The Science of Procrastination

It’s 3 a.m. on Friday morning before your term paper is due. You have Doritos crumbs crusted around your mouth while your whole body convulses from too much Red Bull. A Youtube video of cats playing paddy-cake loops in the background. Minus your title page and bibliography, your essay’s word count barely hovers above zero. You told yourself a few days ago that you work better under pressure, but here you are with only a few hours before deadline and you’re still not doing the task required. What’s going on here? To put it simply: you’re procrastinating.

It’s a situation we’ve all been in. Whether it’s a university essay, a business presentation, or simply cleaning up your room. Everybody procrastinates. A task gets pushed off, typically with the desire to do something that offers instant gratification (such as online videos of squirrels dancing to the Macarena). It mainly comes down to the fact that our brains are wired to procrastinate—though I wouldn’t use that as an excuse the next time you’re late to hand in a business report. So what exactly is going on in our brain that makes us procrastinate?

Whether it’s a university essay, a business presentation, or simply cleaning up your room. Everybody procrastinates.

Procrastination comes about due to a tension between two parts of your brain: the limbic system and the prefrontal cortex. The limbic system is one of the most dominant sections of the human brain and it works on automatic. It tells you to move your hand away from something hot or to keep gobbling up donuts because of the immediate feel-goodness on your tongue. In general, it urges you to seek pleasurable things and retreat from unpleasant things. The pre-frontal cortex, however, is the brain’s internal planner; this is the part of your brain where decisions and information gets assessed. It’s precisely this section of our brain that separates us from animals. Unlike the limbic system though, the pre-frontal cortex doesn’t work on automatic. You need to put the effort in to make it function (like telling yourself: ‘I’m going to analyse this spreadsheet!’) But as soon as you lose focus – (‘Man, I really hate spreadsheets’) – your limbic system kicks in and you seek something more instantly gratifying. In short; you procrastinate.

While this habit of postponing stuff happens to the best of us, severe procrastination can be quite debilitating to your wellbeing. The act of procrastinating generally causes more stress and anxiety for the dawdling person. This can lead to a cycle of mental paralysis where you feel anxious and stressed for not focusing on your work, but then can’t focus because you’re anxious and stressed. This type of severe procrastination can lead to a huge loss in self-esteem and be quite crippling to those who suffer from it.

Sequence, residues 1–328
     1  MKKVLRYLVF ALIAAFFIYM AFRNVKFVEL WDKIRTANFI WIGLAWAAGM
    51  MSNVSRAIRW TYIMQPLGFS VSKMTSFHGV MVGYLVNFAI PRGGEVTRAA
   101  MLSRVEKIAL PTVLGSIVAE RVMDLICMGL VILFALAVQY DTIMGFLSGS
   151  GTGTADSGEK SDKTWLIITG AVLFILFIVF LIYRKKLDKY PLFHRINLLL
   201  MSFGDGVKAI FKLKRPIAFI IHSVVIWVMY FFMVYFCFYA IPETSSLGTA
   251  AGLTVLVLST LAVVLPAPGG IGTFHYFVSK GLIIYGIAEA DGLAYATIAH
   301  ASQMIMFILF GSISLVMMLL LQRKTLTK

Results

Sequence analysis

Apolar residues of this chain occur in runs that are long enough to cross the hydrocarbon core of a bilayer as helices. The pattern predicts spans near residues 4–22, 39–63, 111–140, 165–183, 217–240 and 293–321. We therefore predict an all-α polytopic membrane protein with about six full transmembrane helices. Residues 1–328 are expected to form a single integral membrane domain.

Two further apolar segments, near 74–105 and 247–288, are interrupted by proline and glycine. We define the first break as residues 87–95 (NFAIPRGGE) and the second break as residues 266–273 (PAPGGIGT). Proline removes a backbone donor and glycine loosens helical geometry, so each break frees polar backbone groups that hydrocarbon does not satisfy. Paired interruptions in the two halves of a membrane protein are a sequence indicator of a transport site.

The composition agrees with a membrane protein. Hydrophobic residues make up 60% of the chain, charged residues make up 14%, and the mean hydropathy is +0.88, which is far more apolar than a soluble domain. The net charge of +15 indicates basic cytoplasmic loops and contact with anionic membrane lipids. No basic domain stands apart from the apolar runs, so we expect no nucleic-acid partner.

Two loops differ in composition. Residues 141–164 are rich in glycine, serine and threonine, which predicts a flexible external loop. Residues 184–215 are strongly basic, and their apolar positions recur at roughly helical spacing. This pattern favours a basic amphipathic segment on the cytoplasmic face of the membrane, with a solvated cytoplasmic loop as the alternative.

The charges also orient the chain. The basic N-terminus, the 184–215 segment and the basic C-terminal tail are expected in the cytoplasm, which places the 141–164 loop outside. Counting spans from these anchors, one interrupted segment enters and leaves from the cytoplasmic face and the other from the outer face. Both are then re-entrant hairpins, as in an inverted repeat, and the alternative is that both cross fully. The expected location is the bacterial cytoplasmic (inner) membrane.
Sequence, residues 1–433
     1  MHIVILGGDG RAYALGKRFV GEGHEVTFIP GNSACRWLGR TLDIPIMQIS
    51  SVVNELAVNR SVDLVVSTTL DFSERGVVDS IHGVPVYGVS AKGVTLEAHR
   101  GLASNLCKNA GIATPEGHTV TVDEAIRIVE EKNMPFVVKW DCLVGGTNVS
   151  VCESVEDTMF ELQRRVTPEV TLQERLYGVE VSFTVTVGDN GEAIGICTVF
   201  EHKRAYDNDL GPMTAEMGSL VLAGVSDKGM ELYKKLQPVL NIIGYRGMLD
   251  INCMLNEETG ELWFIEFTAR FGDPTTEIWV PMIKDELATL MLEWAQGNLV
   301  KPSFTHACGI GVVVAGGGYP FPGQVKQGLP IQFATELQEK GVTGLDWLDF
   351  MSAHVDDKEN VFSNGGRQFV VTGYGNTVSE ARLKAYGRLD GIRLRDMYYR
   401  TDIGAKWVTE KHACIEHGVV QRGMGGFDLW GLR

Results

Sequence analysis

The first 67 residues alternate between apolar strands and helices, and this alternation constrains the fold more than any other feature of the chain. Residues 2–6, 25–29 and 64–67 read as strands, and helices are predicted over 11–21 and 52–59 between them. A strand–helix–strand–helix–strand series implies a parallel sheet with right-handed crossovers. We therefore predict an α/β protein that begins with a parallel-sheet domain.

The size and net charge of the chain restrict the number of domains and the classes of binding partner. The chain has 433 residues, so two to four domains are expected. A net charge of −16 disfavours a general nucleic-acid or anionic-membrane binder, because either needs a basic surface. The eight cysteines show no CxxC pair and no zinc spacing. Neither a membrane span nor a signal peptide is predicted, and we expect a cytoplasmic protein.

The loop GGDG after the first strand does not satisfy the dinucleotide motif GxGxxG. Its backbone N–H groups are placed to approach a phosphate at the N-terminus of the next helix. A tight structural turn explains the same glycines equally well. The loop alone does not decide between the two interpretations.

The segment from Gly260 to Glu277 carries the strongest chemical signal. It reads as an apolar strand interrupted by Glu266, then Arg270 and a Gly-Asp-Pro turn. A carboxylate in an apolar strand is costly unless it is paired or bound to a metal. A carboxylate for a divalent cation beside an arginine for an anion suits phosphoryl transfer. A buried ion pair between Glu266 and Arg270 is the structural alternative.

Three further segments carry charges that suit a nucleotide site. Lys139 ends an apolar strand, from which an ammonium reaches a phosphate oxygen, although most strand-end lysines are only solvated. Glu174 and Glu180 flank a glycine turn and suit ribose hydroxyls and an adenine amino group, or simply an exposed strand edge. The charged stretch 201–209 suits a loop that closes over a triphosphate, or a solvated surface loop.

Unlike the limbic system though, the pre-frontal cortex doesn’t work on automatic. You need to put the effort in to make it function

So how does one break this habit then? Well for serious conditions and only from a doctor, there’s always prescription drugs: Ritalin and other ADHD medication. But what did chronic procrastinators do earlier in history before all of our problems could be swallowed away in tiny tablets? Victor Hugo, author of Les Miserables and The Hunchback of Notre Dame, would have his servant strip him naked of all his clothes, forcing him to work in discomfort as a punishment for procrastinating. He wrote over a dozen novels. Herman Melville was another author fond of eclectic solutions and when struggling with his epic novel Moby-Dick, he had his wife chain him to his desk for each writing day. A more modern figure, such as the Dalai Lama, even admits to procrastinating in his youth: ‘Only in the face of a difficult challenge or an urgent deadline would I study and work without laziness.’ He now proclaims that, ‘You must not procrastinate […] Rather you should make preparations so that even if you die tonight, you would have no regrets.’

Now those are pretty intense words from the Dalai Lama. In contrast, some have argued that you should embrace procrastination. That postponing one’s responsibilities is actually good and healthy for you. University of San Diego Professor Frank Partnoy advocates for procrastination in his recent book, Wait: The Art and Science of Delay. In an interview for the Smithsonian, Partnoy said:

‘Procrastination is just a universal state of being for humans. We will always have more things to do than we can possibly do, so we will always be imposing some sort of unwarranted delay on some tasks. The question is not whether we are procrastinating, it is whether we are procrastinating well.’

Sometimes your urge to procrastinate is your mind’s way of saying: take a break, relax. As long as you’re meeting your deadlines and getting stuff done on time, procrastinate as much as you want. Remember it happens to the best of us. As the great Leonard da Vinci wrote: ‘It is easier to resist at the beginning than at the end.’

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